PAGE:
Solar panels have evolved to be more efficient, more compact, and more versatile since initial designs first hit the market. But they’ve always had one thing in common – they require consistent sunlight. That is, until now.

A new innovation in the photovoltaic realm was recently discovered by Carvey Ehren Maigue, an electrical engineering student in the Philippines. The concept involves harvesting ultraviolet light that can’t be seen, but is stored in materials the sun has touched.

This opens up opportunities in the solar-capturing field by allowing us to collect solar power even when the clouds roll in. Officially called AuREUS, which stands for Aurora Renewable Energy and UV Sequestration, the idea is to absorb UV light into organic luminescent particles. From there, the collected particles are converted into visible light and then into energy.

Referring to the solar film he created to complete this task, Maigue explains that “it’s similar to how we breathe in oxygen and we exhale carbon dioxide. It takes in ultraviolet light, and then after some time it would shed it as visible light.”

The innovation takes shape as a type of resin film that can be used on windows, walls, and building exteriors. Maigue created the material using waste from vegetable crops that he combined with resin. He then coated it with solar film and turned it into a 3 x 2-foot prototype he installed in a window of his apartment. That panel produces enough energy to charge a few smartphones, and he’s optimistic about the scalability of the material.

And he’s not the only one who’s optimistic, considering the fact that the project recently won the first James Dyson Sustainability Award. Recognizing the potential for the material, the informational release about the project says AuREUS is basically a vertical solar farm. All previous solar farms have been built horizontally, which takes up real estate in fields or rooftops. But by cladding buildings with the material, it can turn them into sources of clean and passive solar energy.

As an added bonus on the sustainability front, the technology relies on waste from farmers that they would otherwise have to deal with disposing of themselves. This support of the local agriculture industry mitigates financial loss by the farmers and provides an upcycling opportunity for ruined or unsold crops.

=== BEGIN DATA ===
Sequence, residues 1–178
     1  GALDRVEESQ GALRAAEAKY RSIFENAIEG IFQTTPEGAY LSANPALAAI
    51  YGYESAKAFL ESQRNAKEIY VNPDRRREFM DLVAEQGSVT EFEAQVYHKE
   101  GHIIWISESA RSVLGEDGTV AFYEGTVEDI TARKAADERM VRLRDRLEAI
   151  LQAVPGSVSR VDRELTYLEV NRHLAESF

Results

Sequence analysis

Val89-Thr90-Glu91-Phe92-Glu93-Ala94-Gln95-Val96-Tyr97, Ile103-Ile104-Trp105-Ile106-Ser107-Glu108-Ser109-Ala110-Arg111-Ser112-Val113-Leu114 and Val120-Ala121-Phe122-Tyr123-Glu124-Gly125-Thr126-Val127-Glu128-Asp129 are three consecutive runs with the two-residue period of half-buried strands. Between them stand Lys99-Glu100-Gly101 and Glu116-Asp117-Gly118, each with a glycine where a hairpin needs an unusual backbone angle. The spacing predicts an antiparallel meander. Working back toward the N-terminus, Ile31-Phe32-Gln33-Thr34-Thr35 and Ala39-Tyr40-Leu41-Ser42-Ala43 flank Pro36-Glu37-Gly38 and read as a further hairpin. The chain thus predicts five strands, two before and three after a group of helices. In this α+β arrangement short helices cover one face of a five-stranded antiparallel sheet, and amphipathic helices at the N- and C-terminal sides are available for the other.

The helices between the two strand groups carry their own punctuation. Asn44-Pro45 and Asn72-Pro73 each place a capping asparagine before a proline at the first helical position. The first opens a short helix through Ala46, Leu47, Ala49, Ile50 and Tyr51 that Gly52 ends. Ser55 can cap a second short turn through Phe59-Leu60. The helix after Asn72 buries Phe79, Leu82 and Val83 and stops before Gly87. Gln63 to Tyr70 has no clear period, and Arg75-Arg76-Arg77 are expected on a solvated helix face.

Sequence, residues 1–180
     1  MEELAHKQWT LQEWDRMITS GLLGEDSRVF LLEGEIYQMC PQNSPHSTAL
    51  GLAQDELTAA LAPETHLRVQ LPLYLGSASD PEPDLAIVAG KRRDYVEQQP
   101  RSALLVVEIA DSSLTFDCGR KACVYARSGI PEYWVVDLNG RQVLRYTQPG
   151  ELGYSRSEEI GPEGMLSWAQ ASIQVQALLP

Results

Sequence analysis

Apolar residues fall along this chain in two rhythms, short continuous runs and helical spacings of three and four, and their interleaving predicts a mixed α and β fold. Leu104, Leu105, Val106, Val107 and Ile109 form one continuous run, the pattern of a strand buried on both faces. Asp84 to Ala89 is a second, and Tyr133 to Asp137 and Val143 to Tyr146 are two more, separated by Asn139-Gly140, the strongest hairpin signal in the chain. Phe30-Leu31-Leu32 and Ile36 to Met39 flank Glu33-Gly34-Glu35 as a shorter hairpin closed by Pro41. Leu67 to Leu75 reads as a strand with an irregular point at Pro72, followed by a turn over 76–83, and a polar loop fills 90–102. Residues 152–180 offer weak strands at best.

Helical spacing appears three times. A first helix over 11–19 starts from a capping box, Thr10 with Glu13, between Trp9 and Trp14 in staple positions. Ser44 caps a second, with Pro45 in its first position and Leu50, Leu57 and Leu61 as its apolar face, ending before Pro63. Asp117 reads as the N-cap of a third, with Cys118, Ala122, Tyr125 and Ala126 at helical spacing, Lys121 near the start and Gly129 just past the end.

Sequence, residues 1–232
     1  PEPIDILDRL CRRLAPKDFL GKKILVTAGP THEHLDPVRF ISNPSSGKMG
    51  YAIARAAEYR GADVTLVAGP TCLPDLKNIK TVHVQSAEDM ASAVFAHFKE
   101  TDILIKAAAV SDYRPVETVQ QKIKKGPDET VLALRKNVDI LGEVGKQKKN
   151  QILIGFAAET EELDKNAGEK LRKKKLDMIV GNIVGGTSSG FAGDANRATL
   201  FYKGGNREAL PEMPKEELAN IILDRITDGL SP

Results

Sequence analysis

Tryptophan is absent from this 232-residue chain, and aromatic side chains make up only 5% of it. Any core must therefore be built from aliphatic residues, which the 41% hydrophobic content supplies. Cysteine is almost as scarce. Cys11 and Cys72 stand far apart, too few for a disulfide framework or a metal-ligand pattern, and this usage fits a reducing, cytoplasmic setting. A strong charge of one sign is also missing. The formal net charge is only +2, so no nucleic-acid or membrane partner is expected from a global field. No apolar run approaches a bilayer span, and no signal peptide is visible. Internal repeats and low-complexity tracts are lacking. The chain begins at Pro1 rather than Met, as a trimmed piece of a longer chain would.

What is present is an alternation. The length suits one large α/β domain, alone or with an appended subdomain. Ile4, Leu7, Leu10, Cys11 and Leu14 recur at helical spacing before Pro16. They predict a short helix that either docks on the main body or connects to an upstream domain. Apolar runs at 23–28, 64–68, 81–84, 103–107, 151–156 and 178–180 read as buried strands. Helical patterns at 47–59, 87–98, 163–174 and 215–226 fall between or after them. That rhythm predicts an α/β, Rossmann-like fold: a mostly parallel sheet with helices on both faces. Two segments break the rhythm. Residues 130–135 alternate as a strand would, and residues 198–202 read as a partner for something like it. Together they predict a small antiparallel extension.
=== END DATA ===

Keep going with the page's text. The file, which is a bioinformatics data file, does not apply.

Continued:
This symbiotic relationship seems an especially good fit considering the fact that this technology is based on nature. More specifically, the “Aurora” part of the system’s name comes from a process that results in the spectacular Aurora Borealis. Maigue explains that “Both AuREUS devices (Borealis Solar Window and Astralis Solar Wall) use the same technology derived from the phenomena that governs the beautiful Northern and Southern lights. High-energy particles are absorbed by luminescent particles that re-emit them as visible light.”

He continues: “When hit by UV light, the particles absorb and re-emit visible light along the edges due to internal reflectance. PV cells are placed along the edges to capture the visible light emitted. The captured visible light is then converted to DC electricity.”

Maigue plans to invest the $35,000 awarded from his Dyson Awards win into further research and development. 80 percent of his dyes currently come from fruits and vegetables, though he would eventually like to up that to 100 percent and eliminate chemical additives from the process altogether. This means finding a natural blue alternative, the only of the five total colors (red, orange, yellow, green, blue) he’s yet to source wholly from plants.

The manufacturing process is already underway, with a current production of about 30 panels per month. Maigue notes that “additional funding can allow the creation of a team and facility that can increase current capacity.”